6) Children are given tools for self-regulation. There is no time out. There are thinking chairs, where children can go independently if they don’t know what work they want to do next, if they want to have a quiet moment, if they’re feeling out of sorts and want some space, to talk about a frustration with an adult
Emotions are part of daily life, and education about them is intrinsic to Montessori through natural experiences. When we’re feeling unpleasant, often what we need is to feel connected to our community, rather than ostracized. Our feelings are recognized and respected, and we’re given tools to work through them.
7) Children return work to the shelf ready for the next person to use. Part of this is supporting their own internal sense of order, part of it is care for others. In order to do my best learning, all the tools are available to me. I don’t begin with a material cleaning up someone else’s mess. There is an innate respect for others built into this act of empathy, simply returning things ready for someone else’s best learning to take place.
8) Care of the Environment, essentially tidying, is a fundamental part of the curriculum. Children take great pride in making things nice for one another, and ways to do that are work choices available to the children. When a child washes dishes or sweeps or folds napkins, she’s not only meeting a need in her development, but also making the classroom a pleasant place to be for herself and her classmates.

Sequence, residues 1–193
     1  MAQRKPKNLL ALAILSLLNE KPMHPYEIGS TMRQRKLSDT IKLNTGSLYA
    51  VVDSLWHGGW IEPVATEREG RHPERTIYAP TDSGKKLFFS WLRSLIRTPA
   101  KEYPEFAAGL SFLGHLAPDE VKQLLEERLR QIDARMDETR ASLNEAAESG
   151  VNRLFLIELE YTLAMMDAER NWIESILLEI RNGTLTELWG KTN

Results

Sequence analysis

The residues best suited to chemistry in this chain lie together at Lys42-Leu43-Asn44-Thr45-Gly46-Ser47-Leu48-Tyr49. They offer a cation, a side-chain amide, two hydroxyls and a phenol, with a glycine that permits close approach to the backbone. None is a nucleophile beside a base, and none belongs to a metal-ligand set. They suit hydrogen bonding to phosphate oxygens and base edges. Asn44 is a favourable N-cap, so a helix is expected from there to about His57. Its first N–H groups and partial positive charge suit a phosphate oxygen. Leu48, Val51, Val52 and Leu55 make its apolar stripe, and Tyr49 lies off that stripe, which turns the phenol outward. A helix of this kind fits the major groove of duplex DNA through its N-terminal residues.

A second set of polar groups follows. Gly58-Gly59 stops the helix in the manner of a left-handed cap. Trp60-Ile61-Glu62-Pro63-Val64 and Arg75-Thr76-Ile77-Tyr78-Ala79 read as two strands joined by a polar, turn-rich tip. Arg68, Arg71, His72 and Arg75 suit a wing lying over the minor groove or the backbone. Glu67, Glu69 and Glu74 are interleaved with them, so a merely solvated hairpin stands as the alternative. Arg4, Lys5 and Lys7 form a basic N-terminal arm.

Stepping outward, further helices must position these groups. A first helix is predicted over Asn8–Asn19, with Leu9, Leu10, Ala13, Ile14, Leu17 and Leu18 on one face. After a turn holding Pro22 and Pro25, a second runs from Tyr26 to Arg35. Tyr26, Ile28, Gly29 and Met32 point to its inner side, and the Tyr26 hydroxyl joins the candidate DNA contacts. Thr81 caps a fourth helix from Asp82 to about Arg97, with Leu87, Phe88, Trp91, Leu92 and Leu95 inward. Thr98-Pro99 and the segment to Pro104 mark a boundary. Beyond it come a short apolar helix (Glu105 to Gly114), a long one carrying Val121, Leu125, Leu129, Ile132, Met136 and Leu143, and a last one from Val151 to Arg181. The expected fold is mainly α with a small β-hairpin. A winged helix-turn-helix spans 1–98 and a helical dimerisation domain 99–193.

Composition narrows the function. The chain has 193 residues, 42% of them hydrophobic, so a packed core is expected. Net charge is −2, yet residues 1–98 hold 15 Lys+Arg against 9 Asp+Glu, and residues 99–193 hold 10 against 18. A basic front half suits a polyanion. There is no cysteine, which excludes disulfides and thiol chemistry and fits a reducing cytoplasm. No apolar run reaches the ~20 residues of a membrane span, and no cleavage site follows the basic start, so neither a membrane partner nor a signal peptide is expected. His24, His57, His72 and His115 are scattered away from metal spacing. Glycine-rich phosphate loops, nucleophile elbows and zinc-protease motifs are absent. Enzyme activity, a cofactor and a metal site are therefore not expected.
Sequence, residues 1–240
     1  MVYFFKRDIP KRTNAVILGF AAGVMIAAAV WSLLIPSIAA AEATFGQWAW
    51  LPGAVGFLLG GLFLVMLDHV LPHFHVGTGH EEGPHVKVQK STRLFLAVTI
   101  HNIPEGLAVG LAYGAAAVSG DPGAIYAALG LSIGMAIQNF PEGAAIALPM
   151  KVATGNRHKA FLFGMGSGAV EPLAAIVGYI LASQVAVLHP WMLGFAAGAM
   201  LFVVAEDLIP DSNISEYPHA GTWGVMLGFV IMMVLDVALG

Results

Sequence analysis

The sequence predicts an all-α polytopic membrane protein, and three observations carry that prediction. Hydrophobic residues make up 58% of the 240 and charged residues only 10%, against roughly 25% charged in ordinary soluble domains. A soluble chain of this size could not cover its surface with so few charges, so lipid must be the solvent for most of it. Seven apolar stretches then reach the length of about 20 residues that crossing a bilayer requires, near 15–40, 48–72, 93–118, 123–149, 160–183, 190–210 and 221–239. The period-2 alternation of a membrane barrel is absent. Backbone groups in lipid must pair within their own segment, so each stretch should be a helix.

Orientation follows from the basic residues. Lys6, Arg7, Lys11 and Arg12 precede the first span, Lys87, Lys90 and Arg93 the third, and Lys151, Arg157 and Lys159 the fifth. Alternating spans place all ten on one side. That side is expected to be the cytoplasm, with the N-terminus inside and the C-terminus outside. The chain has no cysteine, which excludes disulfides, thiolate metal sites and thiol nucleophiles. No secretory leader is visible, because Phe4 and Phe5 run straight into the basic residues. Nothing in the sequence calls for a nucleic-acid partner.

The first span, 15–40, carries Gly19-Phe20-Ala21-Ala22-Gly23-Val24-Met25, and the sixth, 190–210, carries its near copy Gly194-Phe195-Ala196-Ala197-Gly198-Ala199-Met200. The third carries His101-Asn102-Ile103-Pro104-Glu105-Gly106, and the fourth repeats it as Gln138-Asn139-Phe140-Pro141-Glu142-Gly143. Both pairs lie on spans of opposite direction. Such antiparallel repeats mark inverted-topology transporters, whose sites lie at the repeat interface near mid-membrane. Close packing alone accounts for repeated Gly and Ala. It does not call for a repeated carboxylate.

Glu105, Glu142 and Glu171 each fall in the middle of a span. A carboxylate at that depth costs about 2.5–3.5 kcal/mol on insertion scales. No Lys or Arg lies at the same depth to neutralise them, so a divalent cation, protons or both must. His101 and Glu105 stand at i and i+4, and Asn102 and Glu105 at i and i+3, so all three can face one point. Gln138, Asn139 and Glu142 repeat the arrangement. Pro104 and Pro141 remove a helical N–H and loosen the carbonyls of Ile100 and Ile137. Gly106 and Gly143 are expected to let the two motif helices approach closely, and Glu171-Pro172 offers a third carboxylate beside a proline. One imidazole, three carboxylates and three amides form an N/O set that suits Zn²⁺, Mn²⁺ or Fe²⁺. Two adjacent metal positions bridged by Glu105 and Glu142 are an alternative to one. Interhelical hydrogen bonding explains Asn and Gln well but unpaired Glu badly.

9) Everyone is encouraged to help as best they are able. If there is a spill or a material out of place, it is not a question of, “I didn’t do it,” but instead, “I know how to fix that!” This is fostered and modeled by adults. “Oh my, someone spilled some water. Good thing I know how to fix that!” “I noticed you have the broom out, would you please be willing to sweep those crackers near the snack table? Thank you for helping!”
10) Positive manners and social interactions are modeled and practiced. In the classroom, we call these “Grace and Courtesy Lessons,” or how we help children learn to be here. Sometimes they’re practical, such as how to use a tissue, and sometimes they’re relational, such as how to offer someone a tissue. Which is relationship-building, “Gross! Blow your nose!!” or “I noticed you might need a tissue. Here you go!” The adults in the classroom are living, breathing Grace and Courtesy Lessons, always acting in the way we’d like the children to, carrying ourselves with decorum, treating others with respect and kindness, ignoring all we’re able to do as adults and limiting our movements to those we’d like emulated by children.
“When a child washes dishes or sweeps or folds napkins, she’s not only meeting a need in her development, but also making the classroom a pleasant place to be for herself and her classmates.”
The social development of children is attended to in natural ways in the classroom, in tandem with the academic development children meet through working with the materials. For more, listen to this podcast!
Written by:Charlotte Wood